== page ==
- Subverted in Code Geass, where Lelouch's last plan involves Suzaku, dressed as Zero, killing him in order to obtain worldwide peace. The whole murder attempt is acted so that it seems genuine to the public, but the death was real.
- An odd variation during the "Enemy of the State II" arc of All-New Wolverine. The assassination attempt itself is very much real, with Kimura using a trigger scent-induced Wolverine to murder Tyger Tiger for control of Madripoor. However Gabby, Gambit, Jean Grey, and Angel are wise to the plan, and swap out a Life Model Decoy for the real Jessán, both to make it look to Kimura like the attack was successful, and as a trap to recapture Laura so Jean could deprogram her.
- One of The Ultimates annuals has Nick Fury putting a hit out on himself in order to flush out an assassin who's been in retirement for years.
- Ozymandias in Watchmen. After overpowering his would-be killer, he forces a cyanide pill down his throat to make him look like a suicide attacker. Ozy orchestrated the whole thing to make people believe that someone was targeting ex-superheroes; in reality, he'd killed the Comedian himself for unrelated reasons.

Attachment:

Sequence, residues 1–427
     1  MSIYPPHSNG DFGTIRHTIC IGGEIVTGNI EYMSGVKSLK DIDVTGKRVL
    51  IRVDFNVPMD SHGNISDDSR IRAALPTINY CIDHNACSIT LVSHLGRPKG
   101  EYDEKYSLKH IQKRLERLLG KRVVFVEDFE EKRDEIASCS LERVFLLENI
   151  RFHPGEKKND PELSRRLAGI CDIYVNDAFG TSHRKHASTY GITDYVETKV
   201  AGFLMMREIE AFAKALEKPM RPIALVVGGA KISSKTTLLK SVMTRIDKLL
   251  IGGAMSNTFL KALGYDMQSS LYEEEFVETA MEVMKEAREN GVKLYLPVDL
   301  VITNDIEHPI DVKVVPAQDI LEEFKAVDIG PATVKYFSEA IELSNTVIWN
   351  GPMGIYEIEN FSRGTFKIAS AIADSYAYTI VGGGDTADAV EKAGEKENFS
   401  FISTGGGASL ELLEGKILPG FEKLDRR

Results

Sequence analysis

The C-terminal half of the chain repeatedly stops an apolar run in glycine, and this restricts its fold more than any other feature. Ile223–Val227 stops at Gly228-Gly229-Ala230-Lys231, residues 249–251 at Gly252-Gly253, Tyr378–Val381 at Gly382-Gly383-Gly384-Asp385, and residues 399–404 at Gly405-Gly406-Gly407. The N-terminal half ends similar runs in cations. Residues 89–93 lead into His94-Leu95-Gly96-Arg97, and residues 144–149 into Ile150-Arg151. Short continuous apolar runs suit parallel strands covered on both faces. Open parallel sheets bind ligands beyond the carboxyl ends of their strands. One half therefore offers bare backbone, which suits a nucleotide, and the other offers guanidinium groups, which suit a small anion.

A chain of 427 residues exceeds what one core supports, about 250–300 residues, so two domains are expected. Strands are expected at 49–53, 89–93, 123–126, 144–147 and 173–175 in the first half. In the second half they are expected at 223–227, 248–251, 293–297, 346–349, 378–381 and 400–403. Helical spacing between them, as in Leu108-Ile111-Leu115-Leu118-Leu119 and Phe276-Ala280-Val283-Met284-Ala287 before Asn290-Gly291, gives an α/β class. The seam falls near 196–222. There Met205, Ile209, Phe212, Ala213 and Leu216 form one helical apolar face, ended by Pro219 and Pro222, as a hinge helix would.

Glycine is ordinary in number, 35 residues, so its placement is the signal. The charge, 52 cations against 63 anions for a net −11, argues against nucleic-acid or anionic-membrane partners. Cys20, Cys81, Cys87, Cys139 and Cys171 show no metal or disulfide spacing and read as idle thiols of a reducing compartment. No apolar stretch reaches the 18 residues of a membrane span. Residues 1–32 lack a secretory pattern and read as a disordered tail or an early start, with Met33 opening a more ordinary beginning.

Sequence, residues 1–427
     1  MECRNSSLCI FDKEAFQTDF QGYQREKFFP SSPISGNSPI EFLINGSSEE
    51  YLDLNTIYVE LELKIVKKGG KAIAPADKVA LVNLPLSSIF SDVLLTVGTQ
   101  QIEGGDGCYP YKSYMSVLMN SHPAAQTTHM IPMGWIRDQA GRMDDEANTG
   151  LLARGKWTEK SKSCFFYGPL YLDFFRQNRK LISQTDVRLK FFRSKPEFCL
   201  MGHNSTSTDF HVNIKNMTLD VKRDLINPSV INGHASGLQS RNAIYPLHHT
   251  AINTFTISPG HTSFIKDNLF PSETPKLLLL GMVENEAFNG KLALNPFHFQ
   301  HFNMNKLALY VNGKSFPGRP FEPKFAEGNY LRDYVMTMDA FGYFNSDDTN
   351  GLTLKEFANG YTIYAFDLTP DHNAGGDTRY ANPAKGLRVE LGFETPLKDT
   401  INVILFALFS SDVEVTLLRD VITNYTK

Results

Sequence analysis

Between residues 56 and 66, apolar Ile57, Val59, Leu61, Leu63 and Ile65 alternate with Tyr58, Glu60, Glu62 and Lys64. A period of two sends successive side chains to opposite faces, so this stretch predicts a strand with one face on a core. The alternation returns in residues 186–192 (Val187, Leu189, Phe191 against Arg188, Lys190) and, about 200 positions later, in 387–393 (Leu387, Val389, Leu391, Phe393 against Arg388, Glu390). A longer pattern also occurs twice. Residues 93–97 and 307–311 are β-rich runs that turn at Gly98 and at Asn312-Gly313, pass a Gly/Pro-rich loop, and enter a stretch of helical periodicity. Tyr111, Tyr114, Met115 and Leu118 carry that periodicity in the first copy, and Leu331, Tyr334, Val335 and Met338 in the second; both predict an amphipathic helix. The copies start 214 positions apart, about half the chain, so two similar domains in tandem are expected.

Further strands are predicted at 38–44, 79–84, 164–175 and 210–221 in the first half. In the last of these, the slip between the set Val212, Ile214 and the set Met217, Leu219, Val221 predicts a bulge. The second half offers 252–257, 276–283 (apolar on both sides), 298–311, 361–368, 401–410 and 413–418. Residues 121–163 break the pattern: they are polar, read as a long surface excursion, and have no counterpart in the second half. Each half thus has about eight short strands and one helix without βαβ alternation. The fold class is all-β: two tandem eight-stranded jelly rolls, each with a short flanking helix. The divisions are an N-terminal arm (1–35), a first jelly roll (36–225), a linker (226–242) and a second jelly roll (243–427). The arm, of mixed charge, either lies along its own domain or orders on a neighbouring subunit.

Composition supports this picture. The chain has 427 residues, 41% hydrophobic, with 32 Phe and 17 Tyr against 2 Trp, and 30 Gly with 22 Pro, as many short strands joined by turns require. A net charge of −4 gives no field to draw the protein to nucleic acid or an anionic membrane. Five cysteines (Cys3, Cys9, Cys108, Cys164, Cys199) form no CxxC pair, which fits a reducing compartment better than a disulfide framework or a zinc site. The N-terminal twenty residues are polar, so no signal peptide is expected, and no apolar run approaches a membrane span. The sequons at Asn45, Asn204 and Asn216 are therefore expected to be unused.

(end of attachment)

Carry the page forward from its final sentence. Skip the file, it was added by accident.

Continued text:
- In the second issue of X-Statix, O-Force is sent on a mission to rescue celebrities in Hollywood from terrorists. Unbeknownst to the public, the terrorists were all hired by O-Force's managers so that the newly-minted team would have a big, splashy premiere.
- ZigZagged in The Art of War, which first appears to play this straight, by having David Chan arrange a fake assassination attempt on himself, at a UN summit, during which he takes a bullet in his arm. But it's later revealed that, 1.) Chan wasn't the actual target, it was Chinese ambassador, Chin Xi Wu. The only reason Chan was shot, was to make it appear they were both being targeted. 2.) The shot that hit Chan was fake. When Shaw corners him, and removes the bandage, there wasn't a wound. 3.) Then Chan gets Killed Off for Real, seconds later, by the assassin he hired: Shaw's former teammate, Bly.